Using techniques, such as IVIVC, PBPK, and/or other sophisticated statistical analyses, to show validation of dissolution testers and/or their ability to predict in vivo performance is a false science and of no practical use

It is often argued that validation of dissolution tests/testers can be, or have been, achieved using IVIVC based on convolution/deconvolution (CON/DECON) methods, and more recently applying PBPK (Physiologically Based Pharmacokinetic) modelling/simulation techniques. Unfortunately, this is scientifically incorrect and an invalid view and practice.

In reality, CON/DECON and PBPK techniques are mathematical/statistical techniques which use in vitro and in vivo results obtained experimentally. While applying the mathematical techniques, mathematicians/statisticians make a fundamental assumption that the data/results provided to them are relevant and valid, obviously obtained using qualified and/or validated tests and testers. It is the analytical laboratory which ensures that the results were obtained using qualified and validated tests and testers. The important thing to note here is that CON/DECON and PBPK are applications, mostly software, used to transform in vitro results into in vivo. They are not to show or prove that testers/tests used were validated or qualified, but work on the assumption that testers/tests were appropriately validated. Stating that CON/DECON or PBPK techniques establish that dissolution results were obtained using validated/qualified tests/testers is scientifically invalid view and unfortunately reflects misunderstood concept of the mathematical/statistical techniques applied.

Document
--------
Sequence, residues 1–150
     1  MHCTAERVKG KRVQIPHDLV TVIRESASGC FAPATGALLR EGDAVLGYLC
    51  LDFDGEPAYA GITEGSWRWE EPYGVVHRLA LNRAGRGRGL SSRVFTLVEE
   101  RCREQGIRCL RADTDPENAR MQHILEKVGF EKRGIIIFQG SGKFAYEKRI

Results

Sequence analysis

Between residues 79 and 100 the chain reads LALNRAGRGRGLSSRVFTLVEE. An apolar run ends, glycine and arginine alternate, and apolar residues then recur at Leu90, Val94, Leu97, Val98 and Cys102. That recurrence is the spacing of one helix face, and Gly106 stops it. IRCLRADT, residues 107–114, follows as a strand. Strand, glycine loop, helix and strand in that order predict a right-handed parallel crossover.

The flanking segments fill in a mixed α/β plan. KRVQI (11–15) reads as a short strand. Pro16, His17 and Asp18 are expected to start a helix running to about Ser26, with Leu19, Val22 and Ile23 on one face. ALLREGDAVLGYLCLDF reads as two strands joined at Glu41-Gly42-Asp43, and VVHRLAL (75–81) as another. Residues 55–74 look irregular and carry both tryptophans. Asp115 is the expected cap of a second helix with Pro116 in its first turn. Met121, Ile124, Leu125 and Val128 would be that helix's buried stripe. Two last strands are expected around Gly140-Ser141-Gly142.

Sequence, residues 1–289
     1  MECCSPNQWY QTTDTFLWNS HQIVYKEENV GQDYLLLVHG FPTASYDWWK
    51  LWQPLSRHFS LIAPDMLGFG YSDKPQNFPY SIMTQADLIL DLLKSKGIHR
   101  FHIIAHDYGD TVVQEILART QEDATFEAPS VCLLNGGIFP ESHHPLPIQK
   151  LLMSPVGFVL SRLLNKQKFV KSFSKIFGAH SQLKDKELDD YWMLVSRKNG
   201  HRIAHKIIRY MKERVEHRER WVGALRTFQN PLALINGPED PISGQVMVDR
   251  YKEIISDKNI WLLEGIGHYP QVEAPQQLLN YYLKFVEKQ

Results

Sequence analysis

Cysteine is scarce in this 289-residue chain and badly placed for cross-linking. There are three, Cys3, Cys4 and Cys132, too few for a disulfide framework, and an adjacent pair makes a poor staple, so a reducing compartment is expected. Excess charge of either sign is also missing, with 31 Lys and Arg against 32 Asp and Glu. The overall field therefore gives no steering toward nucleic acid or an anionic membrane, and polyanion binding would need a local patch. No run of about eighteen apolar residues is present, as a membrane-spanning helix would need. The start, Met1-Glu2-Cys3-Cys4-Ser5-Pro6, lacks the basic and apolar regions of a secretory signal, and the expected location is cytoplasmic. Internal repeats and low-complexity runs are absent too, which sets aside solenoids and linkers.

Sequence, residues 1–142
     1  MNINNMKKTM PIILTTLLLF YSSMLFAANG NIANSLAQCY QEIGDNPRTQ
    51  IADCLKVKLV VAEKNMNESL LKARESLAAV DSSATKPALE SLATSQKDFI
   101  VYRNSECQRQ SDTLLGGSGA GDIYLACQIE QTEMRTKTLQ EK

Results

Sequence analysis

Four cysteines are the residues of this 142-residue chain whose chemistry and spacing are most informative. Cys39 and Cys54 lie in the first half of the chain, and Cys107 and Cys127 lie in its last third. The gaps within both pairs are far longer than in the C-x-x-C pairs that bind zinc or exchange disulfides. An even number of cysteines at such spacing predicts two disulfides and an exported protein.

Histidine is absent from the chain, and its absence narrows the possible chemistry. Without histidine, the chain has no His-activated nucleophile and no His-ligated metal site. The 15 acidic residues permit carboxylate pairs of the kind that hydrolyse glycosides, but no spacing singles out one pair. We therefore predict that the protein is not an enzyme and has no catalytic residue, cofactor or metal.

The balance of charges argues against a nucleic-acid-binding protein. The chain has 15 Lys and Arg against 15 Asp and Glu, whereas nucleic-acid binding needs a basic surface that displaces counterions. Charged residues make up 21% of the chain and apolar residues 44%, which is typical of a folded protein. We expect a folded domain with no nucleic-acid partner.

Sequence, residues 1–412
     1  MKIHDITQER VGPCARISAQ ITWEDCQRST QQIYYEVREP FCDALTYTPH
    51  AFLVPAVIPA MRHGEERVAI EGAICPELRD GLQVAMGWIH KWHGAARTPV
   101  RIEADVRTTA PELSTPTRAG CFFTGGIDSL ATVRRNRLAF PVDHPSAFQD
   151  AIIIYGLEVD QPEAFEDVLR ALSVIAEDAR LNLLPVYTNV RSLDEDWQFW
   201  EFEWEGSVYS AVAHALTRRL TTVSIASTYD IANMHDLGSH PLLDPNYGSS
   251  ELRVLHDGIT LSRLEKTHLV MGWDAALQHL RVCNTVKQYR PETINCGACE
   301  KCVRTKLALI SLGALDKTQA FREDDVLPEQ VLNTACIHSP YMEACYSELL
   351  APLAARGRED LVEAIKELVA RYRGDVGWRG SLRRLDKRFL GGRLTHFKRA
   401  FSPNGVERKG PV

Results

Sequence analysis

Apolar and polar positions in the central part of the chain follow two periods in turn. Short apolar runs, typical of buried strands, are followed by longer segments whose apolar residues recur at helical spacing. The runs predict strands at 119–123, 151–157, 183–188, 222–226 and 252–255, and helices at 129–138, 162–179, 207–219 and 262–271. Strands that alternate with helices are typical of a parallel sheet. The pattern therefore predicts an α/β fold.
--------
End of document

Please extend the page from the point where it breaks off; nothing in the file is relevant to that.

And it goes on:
It is of utmost importance to note that before using dissolution results for any purpose – eyeballing, similarity factor, tolerances setting, QC/QA, CON/DECON, PBPK or any other sophisticated statistical analyses – one has to establish that results obtained were from qualified or validated tests/testers. This qualification/validation has to be done PRIOR and INDEPENDENTLY, and not using products under development or assessment. If dissolution testers provide irrelevant and erratic results, which they do especially paddle and basket, then any modelling or statistical technique will not help in getting relevant results or correcting the problem. It will be complete waste of time and resources. One must first focus on developing and using qualified and validated dissolution testers.

In short, as the currently recommended testers have never been qualified and validated independently, thus use of techniques mentioned such as CON/DECON, PBPK, simulation/modelling, and other statistical analyses, becomes void and are of no practical use. Therefore, one must first focus on establishing or developing qualified and validated dissolution testers, if valid and successful use of IVIVC or PBPK is desired

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